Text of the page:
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Clive James after Dante
on 26 February 2014
James translation flows well as one would expect from a poet and word smith of his standing. However, I found that he easily loses focus and can drift so far from the original rhythm and meaning that perhaps the book should be described as By Clive James after Dante rather than as a Translation of the Divine Comedy. It will perhaps appeal to first time readers but so do several rival versions, for example the classic terza rima of Dorothy Sayers, the superb blank verse translation of Mark Musa and the recent finely balanced version of JG Nichols. Another reviewer said that she found the Victorian translations beyond her. I agree but there are much more enjoyable and approachable recent ones.
James makes a strong case for his quatrains. However, craftsman though he is, he cannot always avoid the restrictions and infelicities of a verse translation. These are always difficult to forge in English and often can strain the meaning. Here the un-rhymed versions definitely score. Strangely, James is strongest in some of the more theological passages early in Paradiso but the great closing canti of Purgatorio fall strangely flat.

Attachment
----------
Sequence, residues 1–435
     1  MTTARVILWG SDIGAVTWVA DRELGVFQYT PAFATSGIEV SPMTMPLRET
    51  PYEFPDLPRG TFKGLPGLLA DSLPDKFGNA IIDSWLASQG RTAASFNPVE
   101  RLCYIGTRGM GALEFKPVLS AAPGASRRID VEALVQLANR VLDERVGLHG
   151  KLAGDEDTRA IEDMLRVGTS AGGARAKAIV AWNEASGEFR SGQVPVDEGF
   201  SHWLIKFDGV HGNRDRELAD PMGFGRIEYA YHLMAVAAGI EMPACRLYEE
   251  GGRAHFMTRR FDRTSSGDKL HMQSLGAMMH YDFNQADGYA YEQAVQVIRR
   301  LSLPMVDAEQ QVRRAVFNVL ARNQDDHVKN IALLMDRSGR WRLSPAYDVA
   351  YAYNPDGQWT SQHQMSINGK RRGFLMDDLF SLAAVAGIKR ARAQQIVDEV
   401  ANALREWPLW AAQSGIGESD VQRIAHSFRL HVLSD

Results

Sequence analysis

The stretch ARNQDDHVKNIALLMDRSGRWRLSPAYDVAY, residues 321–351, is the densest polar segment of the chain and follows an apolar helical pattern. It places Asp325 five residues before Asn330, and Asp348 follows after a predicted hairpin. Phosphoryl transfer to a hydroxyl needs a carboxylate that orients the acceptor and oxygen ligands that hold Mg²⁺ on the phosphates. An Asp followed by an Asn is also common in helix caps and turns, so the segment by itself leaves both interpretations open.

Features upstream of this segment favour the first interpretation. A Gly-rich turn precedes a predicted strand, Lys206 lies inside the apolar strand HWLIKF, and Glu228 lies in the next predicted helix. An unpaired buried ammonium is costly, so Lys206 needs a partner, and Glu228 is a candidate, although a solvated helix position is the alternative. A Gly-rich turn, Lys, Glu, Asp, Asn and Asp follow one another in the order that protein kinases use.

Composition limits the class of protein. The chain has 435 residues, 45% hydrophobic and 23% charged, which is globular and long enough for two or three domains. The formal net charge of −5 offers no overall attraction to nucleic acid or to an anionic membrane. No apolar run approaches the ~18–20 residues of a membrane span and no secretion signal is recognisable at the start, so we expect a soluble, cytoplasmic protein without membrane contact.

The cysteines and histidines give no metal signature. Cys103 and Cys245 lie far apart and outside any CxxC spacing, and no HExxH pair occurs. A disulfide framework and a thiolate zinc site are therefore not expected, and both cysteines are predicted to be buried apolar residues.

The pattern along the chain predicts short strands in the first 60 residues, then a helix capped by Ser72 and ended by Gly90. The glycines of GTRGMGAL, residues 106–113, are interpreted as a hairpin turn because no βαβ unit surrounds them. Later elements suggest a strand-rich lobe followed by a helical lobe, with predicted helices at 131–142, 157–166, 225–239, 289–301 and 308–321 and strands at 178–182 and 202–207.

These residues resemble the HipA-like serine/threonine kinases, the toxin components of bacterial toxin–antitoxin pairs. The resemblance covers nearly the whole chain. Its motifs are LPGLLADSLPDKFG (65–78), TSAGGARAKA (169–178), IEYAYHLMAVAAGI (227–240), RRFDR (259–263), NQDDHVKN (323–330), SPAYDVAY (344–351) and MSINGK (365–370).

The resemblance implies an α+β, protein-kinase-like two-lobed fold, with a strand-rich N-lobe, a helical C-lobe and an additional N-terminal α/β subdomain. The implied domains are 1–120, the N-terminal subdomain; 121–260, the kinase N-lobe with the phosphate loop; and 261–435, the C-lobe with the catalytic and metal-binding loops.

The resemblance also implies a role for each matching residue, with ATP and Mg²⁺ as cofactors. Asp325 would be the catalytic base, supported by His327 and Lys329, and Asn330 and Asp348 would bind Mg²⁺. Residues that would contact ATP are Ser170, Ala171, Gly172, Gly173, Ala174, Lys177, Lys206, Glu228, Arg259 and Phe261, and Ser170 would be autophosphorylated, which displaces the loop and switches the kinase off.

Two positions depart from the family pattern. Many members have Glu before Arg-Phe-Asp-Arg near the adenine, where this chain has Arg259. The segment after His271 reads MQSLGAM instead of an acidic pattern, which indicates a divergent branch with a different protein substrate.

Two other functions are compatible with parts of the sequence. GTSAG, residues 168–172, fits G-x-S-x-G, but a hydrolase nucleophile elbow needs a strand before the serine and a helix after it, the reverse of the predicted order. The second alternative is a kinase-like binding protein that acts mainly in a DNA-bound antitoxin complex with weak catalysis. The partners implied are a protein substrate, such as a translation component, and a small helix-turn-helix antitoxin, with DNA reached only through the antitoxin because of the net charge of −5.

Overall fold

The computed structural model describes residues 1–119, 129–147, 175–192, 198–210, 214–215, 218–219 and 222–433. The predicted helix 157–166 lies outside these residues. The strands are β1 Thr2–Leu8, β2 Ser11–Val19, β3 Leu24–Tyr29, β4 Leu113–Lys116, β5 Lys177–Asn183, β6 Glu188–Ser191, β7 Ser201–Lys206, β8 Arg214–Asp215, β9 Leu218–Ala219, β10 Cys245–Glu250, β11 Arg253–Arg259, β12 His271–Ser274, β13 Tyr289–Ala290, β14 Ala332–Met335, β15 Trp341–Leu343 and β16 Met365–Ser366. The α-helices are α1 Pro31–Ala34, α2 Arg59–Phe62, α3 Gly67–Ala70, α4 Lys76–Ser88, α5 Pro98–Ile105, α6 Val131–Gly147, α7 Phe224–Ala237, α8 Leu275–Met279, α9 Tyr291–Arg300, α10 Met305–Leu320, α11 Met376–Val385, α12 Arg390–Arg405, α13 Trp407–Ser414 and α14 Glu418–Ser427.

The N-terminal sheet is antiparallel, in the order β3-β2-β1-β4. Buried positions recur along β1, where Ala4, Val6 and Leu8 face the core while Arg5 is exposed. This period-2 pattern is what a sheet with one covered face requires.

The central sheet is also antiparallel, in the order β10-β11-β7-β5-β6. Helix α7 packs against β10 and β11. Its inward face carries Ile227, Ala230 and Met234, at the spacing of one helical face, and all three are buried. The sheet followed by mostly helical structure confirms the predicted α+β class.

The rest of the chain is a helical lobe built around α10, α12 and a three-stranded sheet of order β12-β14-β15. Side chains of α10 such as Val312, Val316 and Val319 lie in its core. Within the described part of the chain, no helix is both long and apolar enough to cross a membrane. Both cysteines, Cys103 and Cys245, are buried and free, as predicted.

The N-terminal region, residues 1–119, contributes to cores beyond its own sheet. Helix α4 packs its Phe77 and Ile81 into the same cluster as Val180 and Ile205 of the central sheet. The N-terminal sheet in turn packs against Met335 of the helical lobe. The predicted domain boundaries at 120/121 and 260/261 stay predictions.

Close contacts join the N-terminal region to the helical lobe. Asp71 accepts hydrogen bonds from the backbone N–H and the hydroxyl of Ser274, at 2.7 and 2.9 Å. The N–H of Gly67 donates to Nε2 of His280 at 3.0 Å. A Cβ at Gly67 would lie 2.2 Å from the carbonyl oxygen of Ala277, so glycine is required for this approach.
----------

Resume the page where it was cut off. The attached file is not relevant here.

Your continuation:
Finally, why is he so against notes? Good notes cf those of Mark Musa, are often necessary and often add a great deal to the reading experience. Surely anybody prepared to take the time and effort to read the Comedy will be prepared to go a little further in order to understand Dante and his environment better?